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A 'forgotten' battle in which hundreds of Gloucestershire soldiers lost their lives is finally being remembered.
The Battle of Imjin River remains the bloodiest battle fought by British Forces since World War II.
Tragically, 622 men from Gloucestershire were killed, wounded or went missing - and 522 were taken prisoner in China.
And 70 years later, the Minister for Veterans from South Korea has visited Gloucester to pay tribute to the Glorious Glosters who fought on the battle field.
What was the battle of the Imjin River?
The battle of Imjin River was fought between 22nd and 25th of April 1951 during the Korean War.
About 4,000 troops of the British 29th Brigade, including about 700 from 1st Battalion, The Gloucestershire Regiment, faced more than 27,000 men of the Chinese 63rd Army.
About 400 Glosters fought a last stand on Hill 235, which was later renamed Gloster Hill.
Even though the Glosters were eventually overcome, the battle is recognised as being deeply significant in holding back the Chinese army. It gave UN forces time to regroup and stop the Chinese advance on the capital Seoul.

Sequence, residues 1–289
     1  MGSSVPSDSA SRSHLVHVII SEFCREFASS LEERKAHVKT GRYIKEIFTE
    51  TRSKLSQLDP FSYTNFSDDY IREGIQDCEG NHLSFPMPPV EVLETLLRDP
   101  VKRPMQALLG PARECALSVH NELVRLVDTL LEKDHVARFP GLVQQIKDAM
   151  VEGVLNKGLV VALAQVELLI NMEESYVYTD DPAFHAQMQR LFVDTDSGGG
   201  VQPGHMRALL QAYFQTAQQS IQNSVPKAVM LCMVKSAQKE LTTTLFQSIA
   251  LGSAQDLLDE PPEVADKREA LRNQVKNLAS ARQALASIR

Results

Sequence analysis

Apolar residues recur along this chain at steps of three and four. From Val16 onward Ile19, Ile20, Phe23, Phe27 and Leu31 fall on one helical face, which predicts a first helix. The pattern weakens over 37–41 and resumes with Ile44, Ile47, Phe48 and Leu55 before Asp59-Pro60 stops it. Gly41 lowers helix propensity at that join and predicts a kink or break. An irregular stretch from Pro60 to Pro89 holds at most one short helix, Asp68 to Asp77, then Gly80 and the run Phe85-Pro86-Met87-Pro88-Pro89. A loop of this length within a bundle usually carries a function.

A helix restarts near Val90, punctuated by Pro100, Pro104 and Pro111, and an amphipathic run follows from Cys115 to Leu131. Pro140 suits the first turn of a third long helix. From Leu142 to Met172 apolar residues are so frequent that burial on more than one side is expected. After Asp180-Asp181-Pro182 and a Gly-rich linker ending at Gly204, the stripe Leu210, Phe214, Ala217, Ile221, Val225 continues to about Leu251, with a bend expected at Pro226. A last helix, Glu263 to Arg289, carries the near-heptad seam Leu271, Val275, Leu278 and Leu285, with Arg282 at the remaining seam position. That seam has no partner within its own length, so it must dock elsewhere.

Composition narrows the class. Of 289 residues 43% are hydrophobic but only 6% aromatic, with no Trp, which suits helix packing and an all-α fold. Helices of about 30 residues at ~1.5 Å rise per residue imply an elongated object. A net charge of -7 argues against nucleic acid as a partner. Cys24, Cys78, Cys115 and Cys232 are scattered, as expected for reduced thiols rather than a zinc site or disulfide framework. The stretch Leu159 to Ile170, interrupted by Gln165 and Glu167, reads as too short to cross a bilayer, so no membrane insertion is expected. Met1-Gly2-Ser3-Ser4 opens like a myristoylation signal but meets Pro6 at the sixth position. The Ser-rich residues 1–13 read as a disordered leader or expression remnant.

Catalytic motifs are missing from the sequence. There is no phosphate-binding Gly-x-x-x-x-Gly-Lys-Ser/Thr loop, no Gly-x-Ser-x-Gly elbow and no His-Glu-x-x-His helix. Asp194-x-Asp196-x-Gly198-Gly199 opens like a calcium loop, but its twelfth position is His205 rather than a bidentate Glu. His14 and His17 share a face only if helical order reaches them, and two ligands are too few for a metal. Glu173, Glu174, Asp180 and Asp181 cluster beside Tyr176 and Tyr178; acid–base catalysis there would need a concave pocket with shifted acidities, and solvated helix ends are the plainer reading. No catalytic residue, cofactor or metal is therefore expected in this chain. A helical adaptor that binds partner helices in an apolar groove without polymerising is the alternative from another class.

A ceasefire was agreed but the two sides never signed a peace treaty which means North Korea and South Korea are officially still at war.
Five months after its intended date because of Covid restrictions, the City of Gloucester paid its respects at a special service held at the Cathedral.
500 people, from pews to pillars, filled its nave to pay thanks to those who lost their lives in the battle.
The Minister of Patriots & Veterans Affairs attended the service from South Korea to say thank you on behalf of the nation.
Hwang Ki-Chui said: "It is my duty to meet the veterans who fought for Korea many years ago and talk with them about the significance and history of the Korean War. And also I'm here to share the gratitude and appreciation with the people of the United Kingdom."
Gloucester gunner Tommy Clough laid a wreath alongside some of the few remaining veterans from the battle.
He told ITV News: "It means a great deal. There are not that many of us left, and we are a dying breed. And it's important, very important for us to be here and it's a great privilege to be invited here."
Brian Hamblett, another veteran, said: "It was the forgotten war, but being remembered today is magical really. It's an honour and privilege to be here."
Around 300 people, including soldiers young and old and members of the Korean Veteran's Association, marched through Gloucester after the service to Back Badge Square and the Soldiers of Gloucestershire Museum.